He uses sport here to illustrate, and for the first time, it gave me some insight into my husband. Dean has the ability to work through anything if he believes it important (which is how he got through last year). No matter if he’s exhausted or sick, he can do that. I can’t. (Except with writing—another matter altogether.)
Anyway, Gladwell uses Olympic medalist and coach of Olympic medalists, Alberto Salazar’s autobiography to help illustrate his point. Most people, Gladwell contends, have a place between efforts where they rest. Salazar (and Dean) don’t. Instead of realizing that doing something hurt and they’re not going to do it again, the painful thing gave them strength. In Salazar’s words, “I no longer doubted my toughness.”
This lack of slack does differentiate these people from the rest of us. I’m not sure—and Gladwell did not address—whether or not we all have places in our lives where there is no slack, but I suspect it’s true of most of us. We have places where we sacrifice everything continually, and places where we do not. But I don’t know. Clearly, I’m still ruminating.
Read this, and see if it makes you think about life and work differently.
Hitchens, Christopher, Mortality, Twelve, 2012. This beautiful little book is a collection of the essays Hitchens wrote as he got diagnosed with the cancer that eventually killed him. These are fantastic essays and should be read by anyone who is hoping to live a long time. They make you think about what you would do in his circumstance. They’re also beautifully written and heartbreaking.
I’d read most of them in different form in Vanity Fair, and recommended them. But the book is worth reading as a whole unit. Like Joan Didion’s The Year of Magical Thinking, this book takes us to a place we will all eventually go, and probably should be prepared for. Read this one.
Hockensmith, Steve, “Frank,” Alfred Hitchcock’s Mystery Magazine, October, 2013. Wow. That’s all I can say about this story. Wow. Frank lives in a care facility and he has dementia or some form of it. Yet he’s the point-of-view character here, and he believably handles a mystery. I’ve read other stories from the point of view of someone with dementia, and this one, this one, is both the most realistic and the most powerful. This is a do-not-miss short story. Find it, however you can.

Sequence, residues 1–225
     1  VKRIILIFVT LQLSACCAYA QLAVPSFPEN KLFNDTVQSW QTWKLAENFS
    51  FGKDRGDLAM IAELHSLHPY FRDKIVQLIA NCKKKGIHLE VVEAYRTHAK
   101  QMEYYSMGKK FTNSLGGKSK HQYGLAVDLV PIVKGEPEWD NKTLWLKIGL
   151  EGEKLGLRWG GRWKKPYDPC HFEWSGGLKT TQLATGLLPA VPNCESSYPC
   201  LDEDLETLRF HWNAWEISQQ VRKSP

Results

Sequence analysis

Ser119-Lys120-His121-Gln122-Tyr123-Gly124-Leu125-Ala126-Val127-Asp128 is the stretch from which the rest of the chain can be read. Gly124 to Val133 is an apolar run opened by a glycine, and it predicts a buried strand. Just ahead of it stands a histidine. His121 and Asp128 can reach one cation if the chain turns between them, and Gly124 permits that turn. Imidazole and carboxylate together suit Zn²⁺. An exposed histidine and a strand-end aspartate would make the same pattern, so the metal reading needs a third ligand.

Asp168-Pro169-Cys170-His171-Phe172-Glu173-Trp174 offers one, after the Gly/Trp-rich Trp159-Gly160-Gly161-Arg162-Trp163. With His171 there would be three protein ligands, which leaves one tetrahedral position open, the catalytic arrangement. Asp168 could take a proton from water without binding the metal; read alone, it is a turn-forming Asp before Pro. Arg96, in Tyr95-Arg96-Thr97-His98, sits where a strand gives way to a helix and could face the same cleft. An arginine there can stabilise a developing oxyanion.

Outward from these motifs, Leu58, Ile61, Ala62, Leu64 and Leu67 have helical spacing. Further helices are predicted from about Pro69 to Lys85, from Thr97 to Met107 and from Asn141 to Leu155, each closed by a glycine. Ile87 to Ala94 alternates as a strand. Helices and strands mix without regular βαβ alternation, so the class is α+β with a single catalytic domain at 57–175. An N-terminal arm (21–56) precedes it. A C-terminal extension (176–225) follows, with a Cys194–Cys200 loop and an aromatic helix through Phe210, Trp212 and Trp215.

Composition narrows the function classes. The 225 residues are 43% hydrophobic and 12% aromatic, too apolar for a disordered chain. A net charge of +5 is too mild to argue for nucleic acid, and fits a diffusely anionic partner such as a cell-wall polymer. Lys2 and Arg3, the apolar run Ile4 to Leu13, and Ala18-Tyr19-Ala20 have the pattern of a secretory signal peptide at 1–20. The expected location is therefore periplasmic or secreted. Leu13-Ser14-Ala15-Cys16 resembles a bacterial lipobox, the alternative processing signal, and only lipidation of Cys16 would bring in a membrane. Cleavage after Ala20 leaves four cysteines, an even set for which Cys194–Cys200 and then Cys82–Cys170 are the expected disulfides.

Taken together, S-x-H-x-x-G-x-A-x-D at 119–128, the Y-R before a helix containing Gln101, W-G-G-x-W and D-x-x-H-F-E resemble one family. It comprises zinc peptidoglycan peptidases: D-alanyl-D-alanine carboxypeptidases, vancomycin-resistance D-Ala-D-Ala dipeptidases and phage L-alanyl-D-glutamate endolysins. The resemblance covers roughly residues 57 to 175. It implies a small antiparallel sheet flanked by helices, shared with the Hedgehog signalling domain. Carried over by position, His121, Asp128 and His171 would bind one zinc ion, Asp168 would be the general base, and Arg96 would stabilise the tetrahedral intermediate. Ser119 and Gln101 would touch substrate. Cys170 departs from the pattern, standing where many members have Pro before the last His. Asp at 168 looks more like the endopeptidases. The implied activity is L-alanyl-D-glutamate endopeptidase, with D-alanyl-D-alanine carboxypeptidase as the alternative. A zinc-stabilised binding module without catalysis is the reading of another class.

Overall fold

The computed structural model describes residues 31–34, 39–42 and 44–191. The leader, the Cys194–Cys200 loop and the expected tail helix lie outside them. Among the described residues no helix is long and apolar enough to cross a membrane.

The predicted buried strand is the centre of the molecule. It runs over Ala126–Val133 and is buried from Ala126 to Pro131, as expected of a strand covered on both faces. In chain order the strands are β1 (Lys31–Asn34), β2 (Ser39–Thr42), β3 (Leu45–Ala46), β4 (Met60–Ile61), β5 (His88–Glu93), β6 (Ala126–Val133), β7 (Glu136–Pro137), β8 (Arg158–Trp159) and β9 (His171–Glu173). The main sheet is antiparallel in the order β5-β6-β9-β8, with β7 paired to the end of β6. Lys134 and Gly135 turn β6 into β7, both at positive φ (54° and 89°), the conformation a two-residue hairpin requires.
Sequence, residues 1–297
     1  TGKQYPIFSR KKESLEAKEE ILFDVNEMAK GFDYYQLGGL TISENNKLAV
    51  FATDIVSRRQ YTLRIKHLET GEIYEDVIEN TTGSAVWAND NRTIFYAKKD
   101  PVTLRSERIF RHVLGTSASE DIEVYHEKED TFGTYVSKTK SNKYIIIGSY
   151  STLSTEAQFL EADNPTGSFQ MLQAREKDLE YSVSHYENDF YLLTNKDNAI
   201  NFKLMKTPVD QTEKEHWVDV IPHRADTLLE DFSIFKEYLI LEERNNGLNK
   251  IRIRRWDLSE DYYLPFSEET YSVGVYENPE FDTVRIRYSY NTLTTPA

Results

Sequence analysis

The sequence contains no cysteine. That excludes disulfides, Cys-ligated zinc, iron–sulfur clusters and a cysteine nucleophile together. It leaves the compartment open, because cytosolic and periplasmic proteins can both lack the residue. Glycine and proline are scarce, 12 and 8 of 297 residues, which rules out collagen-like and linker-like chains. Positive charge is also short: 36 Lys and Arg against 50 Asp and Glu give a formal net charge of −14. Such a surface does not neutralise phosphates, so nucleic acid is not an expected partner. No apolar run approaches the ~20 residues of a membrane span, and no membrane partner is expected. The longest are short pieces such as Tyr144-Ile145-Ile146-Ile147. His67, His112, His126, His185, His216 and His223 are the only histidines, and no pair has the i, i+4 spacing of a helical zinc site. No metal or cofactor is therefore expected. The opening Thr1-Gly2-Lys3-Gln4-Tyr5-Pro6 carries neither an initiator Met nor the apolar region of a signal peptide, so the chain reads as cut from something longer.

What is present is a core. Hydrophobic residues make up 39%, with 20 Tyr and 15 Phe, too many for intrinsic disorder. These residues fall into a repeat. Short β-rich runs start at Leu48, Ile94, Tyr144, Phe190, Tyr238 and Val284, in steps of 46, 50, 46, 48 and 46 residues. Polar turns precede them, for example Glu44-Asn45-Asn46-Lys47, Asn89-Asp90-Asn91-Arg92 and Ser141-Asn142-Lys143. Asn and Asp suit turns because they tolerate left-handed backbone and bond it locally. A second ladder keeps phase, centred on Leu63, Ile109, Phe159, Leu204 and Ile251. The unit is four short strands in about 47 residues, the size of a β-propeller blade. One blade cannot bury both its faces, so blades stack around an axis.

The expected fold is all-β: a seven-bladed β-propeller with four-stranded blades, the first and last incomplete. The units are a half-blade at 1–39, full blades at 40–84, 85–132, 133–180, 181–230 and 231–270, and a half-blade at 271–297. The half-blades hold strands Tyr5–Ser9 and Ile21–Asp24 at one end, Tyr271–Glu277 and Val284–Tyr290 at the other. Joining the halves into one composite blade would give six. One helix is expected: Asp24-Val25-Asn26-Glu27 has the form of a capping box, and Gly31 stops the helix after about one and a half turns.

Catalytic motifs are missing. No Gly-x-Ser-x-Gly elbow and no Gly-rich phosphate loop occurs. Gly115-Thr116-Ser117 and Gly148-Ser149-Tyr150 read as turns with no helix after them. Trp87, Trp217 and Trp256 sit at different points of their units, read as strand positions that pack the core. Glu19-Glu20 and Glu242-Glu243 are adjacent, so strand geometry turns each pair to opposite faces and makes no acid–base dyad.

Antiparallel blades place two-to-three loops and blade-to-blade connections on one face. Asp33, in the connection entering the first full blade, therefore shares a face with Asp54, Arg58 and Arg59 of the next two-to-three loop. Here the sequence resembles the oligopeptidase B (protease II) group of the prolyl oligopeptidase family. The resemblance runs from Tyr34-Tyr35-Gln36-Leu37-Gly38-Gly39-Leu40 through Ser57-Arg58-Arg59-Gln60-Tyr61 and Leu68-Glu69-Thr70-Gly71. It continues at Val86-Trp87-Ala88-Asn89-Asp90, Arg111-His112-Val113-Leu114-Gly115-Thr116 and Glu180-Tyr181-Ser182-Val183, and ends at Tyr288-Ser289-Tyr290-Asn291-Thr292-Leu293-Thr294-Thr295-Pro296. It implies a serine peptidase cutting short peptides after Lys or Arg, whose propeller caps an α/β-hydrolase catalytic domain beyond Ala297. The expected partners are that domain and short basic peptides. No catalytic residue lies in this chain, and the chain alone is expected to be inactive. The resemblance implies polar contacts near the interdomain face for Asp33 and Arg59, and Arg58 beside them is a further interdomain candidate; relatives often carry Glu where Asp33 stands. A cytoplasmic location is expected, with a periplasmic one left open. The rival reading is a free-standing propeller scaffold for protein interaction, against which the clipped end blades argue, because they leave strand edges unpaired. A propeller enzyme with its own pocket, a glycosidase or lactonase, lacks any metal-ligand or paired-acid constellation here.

Korbel, Kathleen, Don’t Fence Me In, Silhoutte Desire, 1996, Kindle version. Kathleen Korbel is a pen name for Eileen Dreyer. I thought I had found all of her category romances, but somehow I had missed this one. Categories are about 50,000 words, which is about half the length of a normal novel, and Korbel shines at this length. Lots of plot, lots of chemistry between the characters, lots of emotion.
In this, a movie star—yeah, I’m back on that kick—comes to the ranch he bought incognito. She actually figured out how this would work, and I bought it one-hundred percent. I also bought the reactions of others, since I live in a town where movie/tv people retire and/or buy fifth homes. Wonderful stuff.
The romance is credible, and unlike some book I read last year, where I was convinced that couple’s relationship would end a week or so after the marriage, in this case, I believe this couple will remain together. Great book, easy to find if you have an e-reader, and worth the few hours it takes you to read it.
Moore, Kenny, “This Is As Scared As I Get. Now Let’s Go Run,” Runner’s World, September, 2012. In 1995, I wrote a novel called Hitler’s Angel. Initially, it was supposed to be an alternate history, set at the Munich games of 1972, where a reporter interviews the cop who put Hitler away long before Hitler became a mass murderer. Only, I realized as I was writing the novel that if Hitler had been imprisoned around the time of his niece’s murder, no one would remember him, and no one would know what he was capable of. So I wrote the novel, and I did set part of it in 1972 in Munich, just before the Olympics, but only people who remember that time would get the subtext.